In what arguably may be the most polarizing presidential election in U.S. history, the two parties hold vastly differing views on virtually everything. Yet large numbers of both Republicans and Democrats are united in their opposition to the Trans Pacific Partnership trade agreement, commonly known as TPP. Further complicating the issue is that President Obama strongly supports the agreement.
In simplest terms, TPP is a large free trade deal between the United States and eleven other countries in the Asian-Pacific region (with China being notably absent). TPP’s primary objectives are to eliminate tariffs on goods and services, remove trade barriers, and streamline regulations among the parties to the agreement.
Trade deals are often controversial, but TPP has drawn particular ire. Environmental groups feel its protections regarding the environment are insufficient. Labor groups blame trade deals for moving plants and manufacturing jobs overseas.
Meanwhile, the pro-business U.S. Chamber of Commerce echoes the Obama administration in pushing for ratification of the agreement. The Chamber’s website states, “U.S. economic growth and job creation depend on our ability to sell American goods and services to the 95% of the world’s customers living outside our borders — particularly in the Asia-Pacific region. Yet other countries’ high tariffs and other trade barriers increasingly bar the door to made-in-USA goods and services. The solution is the Trans-Pacific Partnership.”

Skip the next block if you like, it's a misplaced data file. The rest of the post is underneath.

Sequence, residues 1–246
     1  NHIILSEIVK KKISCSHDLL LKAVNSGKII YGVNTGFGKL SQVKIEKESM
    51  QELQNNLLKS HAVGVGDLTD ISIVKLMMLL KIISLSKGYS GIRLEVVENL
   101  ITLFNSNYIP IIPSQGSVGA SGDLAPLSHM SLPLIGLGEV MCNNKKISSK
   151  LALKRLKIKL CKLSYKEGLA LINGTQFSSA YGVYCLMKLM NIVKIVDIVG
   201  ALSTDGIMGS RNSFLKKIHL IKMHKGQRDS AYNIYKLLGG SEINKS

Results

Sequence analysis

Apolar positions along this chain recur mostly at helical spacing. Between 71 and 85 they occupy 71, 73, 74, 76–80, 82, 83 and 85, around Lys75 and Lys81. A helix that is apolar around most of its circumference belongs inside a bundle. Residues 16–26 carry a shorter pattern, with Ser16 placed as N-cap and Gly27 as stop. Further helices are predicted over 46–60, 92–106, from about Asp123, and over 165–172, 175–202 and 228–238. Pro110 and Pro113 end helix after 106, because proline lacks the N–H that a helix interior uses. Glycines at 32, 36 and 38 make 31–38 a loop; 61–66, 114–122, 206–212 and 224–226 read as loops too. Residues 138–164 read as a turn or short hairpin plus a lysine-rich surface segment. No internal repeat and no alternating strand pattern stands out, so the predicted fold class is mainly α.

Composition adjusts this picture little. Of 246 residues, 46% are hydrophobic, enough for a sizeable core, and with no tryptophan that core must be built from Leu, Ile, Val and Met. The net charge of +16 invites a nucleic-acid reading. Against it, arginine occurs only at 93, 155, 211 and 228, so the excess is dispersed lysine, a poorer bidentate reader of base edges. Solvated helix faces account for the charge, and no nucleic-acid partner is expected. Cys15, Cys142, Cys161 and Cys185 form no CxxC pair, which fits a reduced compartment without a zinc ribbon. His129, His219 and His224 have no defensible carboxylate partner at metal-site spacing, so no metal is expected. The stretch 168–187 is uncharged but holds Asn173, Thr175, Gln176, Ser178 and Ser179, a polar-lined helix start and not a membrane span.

With process controls manufacturers, representatives, and distributors increasingly looking to the Asian marketplace for new customers, MCAA reached out to some of our members and economic experts regarding their take on trade agreements and TPP.
“I think trade agreements are healthy, “ said Bill Hendrick, Vice President of Global Strategy for Magnetrol. “Growth for our industry over the next couple decades is going to be driven by Asia, particularly China and India. We need to be able to compete with global suppliers on as even a playing field as possible. In my opinion, rules that limit international competition are not good for anyone in the long term.”
ITR Economics believes manufacturing will continue to be a major part of the U.S. economy in an increasingly interconnected world. Their analysts conclude that as long as American manufacturers continue to innovate, move capital where it is most needed, and monitor environmental and labor issues, the TPP can benefit all parties.